Reality minus expectations equals happiness
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Great Expectations1 of 9
By Shannan Rouss
The formula for being happy is simple, according to experts from UCLA's Andersen School of Management and the authors of Engineering Happiness. Their findings? Happiness equals reality minus expectations. If your expectations are unrealistic, then happiness will remain out of reach. To help you keep your expectations in check, Glo has your down-to-earth guide to the good life.
Flying Blind2 of 9
In the same way that too much hype can ruin a perfectly good movie, knowing too much about a potential blind date can build him up in your mind and lead to disappointment. Instead of scouring the social networks for any scrap of information on the guy, allow yourself to be surprised—hopefully pleasantly.
Nostalgia No-No3 of 9
Looking back on the past can be a comfort—just be wary of romanticizing previous events or relationships. Remembering only the good things about a former flame will make it impossible for anyone new to compete.
Opportunity Knocks4 of 9
Make sure to have a backup plan just in case things don't turn out the way you'd hoped. You may not get that job you really, really wanted, or the charming two-bedroom you made an offer on. So plan for that outcome, as well—and think of it as an opportunity to find something even better.
Quiet Time5 of 9
Sometimes it's better to keep things to yourself. It's fine to share the details of a potential promotion at work with a close friend or relative, but talking up something that might happen with too many people will only make you feel that much worse if it falls through.
Hooray!6 of 9
It's great to celebrate your accomplishments—whether personal or professional—but don't get caught up in the idea that life will be perfect once you land that book deal, get engaged, buy a home or even win the Mega Millions jackpot.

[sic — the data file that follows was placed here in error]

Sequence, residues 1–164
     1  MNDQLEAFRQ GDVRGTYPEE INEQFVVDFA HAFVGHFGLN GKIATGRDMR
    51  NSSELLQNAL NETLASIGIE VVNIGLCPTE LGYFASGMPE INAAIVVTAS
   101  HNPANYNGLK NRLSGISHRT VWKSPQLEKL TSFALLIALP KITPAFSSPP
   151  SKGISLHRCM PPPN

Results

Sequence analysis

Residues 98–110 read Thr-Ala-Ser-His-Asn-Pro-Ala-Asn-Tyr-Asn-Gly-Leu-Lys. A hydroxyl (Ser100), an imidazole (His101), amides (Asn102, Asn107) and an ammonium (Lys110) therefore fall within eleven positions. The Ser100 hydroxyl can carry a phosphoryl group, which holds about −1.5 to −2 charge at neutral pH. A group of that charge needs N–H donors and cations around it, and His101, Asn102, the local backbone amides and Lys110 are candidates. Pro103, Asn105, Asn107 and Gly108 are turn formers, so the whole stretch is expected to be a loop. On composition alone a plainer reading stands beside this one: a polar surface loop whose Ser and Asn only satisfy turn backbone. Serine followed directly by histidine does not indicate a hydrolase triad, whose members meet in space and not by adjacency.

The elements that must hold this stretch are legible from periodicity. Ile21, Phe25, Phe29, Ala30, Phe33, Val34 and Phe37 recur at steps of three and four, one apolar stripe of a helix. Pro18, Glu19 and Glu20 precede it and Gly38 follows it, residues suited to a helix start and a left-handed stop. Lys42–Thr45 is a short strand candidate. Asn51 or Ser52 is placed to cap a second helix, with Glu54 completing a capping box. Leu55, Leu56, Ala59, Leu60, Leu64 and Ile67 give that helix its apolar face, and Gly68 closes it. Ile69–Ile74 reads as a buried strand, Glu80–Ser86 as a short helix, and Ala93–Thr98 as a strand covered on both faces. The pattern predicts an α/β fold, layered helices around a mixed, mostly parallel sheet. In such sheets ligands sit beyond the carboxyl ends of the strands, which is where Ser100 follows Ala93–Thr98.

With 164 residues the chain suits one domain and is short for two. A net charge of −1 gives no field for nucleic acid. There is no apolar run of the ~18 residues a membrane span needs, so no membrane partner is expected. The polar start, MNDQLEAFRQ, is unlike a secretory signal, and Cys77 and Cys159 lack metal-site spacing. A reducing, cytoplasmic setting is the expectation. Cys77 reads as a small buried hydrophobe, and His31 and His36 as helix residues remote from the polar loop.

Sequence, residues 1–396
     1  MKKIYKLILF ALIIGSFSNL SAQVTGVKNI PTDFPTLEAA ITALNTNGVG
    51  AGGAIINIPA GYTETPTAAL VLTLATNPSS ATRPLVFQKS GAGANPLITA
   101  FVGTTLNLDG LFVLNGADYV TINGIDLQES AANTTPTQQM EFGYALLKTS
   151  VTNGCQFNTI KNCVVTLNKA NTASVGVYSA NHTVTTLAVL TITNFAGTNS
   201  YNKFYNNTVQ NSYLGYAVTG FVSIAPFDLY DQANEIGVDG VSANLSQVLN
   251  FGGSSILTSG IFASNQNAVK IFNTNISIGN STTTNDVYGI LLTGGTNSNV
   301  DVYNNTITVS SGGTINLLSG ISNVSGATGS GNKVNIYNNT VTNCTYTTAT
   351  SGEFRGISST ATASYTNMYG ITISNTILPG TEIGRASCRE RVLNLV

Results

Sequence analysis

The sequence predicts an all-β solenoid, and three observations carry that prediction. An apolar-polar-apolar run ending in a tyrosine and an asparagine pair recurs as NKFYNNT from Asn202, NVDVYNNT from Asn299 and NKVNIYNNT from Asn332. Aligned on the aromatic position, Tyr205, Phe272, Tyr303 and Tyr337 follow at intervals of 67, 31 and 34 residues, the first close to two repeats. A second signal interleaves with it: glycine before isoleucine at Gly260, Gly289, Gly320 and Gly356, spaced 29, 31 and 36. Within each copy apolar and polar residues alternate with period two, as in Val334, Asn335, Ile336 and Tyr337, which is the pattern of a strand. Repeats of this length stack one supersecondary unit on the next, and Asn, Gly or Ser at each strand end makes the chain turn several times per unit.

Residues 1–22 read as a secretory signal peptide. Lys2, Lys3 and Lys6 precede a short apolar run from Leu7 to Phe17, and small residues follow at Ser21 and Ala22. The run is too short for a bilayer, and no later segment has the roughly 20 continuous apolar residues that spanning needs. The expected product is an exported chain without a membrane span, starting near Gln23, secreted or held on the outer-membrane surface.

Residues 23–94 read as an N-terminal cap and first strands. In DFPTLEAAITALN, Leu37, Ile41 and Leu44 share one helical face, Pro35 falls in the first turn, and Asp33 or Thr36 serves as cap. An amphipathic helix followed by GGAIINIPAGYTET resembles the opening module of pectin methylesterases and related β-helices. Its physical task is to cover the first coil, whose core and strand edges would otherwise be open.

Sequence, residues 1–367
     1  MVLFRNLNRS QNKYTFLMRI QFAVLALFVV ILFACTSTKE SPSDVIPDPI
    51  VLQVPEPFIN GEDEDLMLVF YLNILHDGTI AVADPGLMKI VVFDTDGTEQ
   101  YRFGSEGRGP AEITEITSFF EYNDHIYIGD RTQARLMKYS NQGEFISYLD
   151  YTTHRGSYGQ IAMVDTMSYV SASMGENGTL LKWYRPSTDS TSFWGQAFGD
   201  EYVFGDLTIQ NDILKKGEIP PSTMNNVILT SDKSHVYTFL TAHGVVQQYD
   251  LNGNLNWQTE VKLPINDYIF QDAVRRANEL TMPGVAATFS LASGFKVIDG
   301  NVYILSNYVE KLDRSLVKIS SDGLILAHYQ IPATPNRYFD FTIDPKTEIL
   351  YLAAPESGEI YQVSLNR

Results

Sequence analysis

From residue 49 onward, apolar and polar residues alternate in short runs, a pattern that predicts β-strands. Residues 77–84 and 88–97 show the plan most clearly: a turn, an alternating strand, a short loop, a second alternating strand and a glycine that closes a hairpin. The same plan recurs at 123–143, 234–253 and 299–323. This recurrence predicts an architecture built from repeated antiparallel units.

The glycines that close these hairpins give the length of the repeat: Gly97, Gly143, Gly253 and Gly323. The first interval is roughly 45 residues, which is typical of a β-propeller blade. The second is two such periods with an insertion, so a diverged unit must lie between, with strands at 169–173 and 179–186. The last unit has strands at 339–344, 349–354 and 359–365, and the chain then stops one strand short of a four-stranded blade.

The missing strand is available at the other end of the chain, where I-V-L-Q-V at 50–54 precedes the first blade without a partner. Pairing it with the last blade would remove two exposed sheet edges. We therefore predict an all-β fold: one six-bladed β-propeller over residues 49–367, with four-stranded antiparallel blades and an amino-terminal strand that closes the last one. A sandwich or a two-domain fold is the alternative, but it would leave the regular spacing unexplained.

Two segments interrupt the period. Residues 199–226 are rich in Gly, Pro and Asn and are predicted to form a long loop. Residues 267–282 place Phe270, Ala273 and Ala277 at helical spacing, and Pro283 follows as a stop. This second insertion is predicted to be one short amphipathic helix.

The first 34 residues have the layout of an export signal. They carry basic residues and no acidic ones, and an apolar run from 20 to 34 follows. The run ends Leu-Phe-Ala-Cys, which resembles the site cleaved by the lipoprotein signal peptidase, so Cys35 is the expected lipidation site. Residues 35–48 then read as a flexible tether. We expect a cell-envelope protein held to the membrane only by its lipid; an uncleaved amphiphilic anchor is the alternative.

Take a Moment7 of 9
In one happiness study, most people got "used to the change that had made them happy in the first place" after just six weeks. To up your appreciation and prolong your happiness, researchers recommend seeking fresh experiences connected to the original positive change. For example, if you've moved somewhere new, continue to go out and explore the area. Or if you've begun a new relationship, don't stop doing new things together.
Ruff'ing It8 of 9
A little altruism can go a long way. For years, researchers have recommended volunteering—whether at an animal shelter, food bank or after-school program—as a way to increase your own happiness. The "helper's high" will help lift your spirits and put things in perspective.
Nothing Compares9 of 9
The surest way to spoil your happiness is to compare yourself to others. With a keeping up with the Joneses attitude, you can always have more money, a bigger house, a better job. To avoid the comparison trap, start by signing off Facebook, where others' self-congratulatory status updates can be a downer. And feel superior knowing that you don't need to post your life on Facebook to get an ego boost.
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